The Cambridge Companion to Bach, first published in 1997, goes beyond a basic life-and-works study to provide a late twentieth-century perspective on J. S. Bach the man and composer. The book is divided into three parts. Part One is concerned with the historical context, the society, beliefs and the world-view of Bach's age. The second part discusses the music and Bach's compositional style, while Part Three considers Bach's influence and the performance and reception of his music through the succeeding generations. This Companion benefits from the insights and research of some of the most distinguished Bach scholars, and from it the reader will gain a notion of the diversity of current thought on this great composer.
• Provides comprehensive and indispensable background to thought and composition in Bach's day • Includes theories of how and why Bach's achievement has been influential • Contains new ways of understanding Bach's achievement and analysing and understanding the music
Part I. The Historical Context: Society Beliefs and World-View: 1. The Bach family Malcolm Boyd; 2. Johann Sebastian Bach in the context of domestic politics in Electoral Saxony Ulrich Siegele; 3. Music and Lutheranism Robin A. Leaver; 4. Bach's metaphysics of music John Butt; 5. 'A mind unconscious that it is calculating'? Bach and the rationalist philosophy of Wolff, Leibniz and Spinoza John Butt; Part II. Profiles of the Music: 6. The early works and the heritage of the seventeenth century Stephen A. Crist; 7. The mature vocal works and their theological and liturgical context Robin A. Leaver; 8. The instrumental music Werner Breig; 9. The keyboard works: Bach as teacher and virtuoso Richard D. P. Jones; 10. Composition as arrangement and adaptation Werner Breig; 11. Bachian invention and its mechanisms Laurence Dreyfus; Part III. Influence and Reception: 12. Bach as teacher and model Stephen Daw; 13. Changing issues of performance practice George B. Stauffer; 14. Bach reception: some concepts and parameters Martin Zenck; 15. Reinterpreting Bach in the nineteenth and twentieth centuries Martin Zenck.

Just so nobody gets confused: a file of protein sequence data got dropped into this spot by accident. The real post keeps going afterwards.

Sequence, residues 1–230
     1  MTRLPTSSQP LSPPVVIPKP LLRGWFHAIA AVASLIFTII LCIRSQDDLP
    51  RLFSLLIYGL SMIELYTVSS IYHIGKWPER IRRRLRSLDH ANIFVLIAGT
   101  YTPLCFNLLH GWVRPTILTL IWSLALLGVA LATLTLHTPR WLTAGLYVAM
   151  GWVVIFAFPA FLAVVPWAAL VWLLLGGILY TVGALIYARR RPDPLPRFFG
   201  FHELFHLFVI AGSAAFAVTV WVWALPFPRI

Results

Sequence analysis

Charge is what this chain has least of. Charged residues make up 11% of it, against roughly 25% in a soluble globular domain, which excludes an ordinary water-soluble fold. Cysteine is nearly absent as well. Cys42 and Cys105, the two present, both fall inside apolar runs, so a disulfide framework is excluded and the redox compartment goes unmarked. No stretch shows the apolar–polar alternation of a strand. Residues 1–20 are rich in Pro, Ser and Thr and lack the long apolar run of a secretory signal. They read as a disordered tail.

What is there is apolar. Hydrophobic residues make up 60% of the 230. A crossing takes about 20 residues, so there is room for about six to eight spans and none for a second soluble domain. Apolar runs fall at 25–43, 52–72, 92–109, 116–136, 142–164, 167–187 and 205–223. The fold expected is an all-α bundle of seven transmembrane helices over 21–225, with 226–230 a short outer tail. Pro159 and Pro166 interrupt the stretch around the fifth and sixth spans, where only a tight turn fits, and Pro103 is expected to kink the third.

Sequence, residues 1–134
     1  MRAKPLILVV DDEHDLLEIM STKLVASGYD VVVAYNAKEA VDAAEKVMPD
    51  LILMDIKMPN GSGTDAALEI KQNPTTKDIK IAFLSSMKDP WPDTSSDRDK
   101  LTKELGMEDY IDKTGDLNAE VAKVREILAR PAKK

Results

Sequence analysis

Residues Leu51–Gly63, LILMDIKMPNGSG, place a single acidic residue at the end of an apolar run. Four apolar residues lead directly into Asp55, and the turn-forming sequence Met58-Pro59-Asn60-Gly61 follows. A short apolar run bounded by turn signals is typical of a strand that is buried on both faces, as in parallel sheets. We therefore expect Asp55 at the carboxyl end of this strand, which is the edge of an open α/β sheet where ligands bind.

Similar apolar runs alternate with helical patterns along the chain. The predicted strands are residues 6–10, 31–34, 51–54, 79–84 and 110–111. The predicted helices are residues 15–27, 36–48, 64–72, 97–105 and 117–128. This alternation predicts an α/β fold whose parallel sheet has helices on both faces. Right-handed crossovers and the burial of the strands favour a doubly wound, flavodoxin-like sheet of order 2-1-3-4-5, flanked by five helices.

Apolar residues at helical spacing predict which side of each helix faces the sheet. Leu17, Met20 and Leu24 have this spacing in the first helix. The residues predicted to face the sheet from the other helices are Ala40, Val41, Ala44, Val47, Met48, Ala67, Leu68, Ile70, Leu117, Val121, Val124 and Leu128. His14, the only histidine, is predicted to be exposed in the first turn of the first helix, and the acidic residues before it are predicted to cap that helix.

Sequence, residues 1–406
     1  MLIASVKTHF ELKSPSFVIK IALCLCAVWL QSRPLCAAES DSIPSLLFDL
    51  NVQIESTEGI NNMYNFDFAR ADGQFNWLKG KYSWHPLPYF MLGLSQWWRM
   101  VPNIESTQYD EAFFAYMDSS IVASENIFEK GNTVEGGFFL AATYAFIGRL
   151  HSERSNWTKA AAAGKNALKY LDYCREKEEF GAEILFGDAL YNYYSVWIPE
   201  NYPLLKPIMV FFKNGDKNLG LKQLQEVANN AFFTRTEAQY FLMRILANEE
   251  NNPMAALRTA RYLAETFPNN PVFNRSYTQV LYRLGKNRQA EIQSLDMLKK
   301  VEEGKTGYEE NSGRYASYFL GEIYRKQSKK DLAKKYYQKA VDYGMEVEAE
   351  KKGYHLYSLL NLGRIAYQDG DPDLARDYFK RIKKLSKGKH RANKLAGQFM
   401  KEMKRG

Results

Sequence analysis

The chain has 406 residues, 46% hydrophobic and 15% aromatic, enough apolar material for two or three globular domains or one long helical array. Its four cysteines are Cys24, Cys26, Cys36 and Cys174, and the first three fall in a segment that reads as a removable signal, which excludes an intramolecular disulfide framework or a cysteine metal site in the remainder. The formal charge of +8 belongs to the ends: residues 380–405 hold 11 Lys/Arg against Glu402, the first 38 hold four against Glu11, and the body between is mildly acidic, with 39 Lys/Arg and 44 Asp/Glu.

'This present collection of essays is far from being a rehash of what is already easily accessible in other sources, but sheds new light on known facts or, better still, unearths new ones ... unreservedly recommended for serious music libraries.' Reference Reviews
'All fifteen contributions by international experts in their fields are informative and stimulating.' Archiv für Reformationsgeeschichte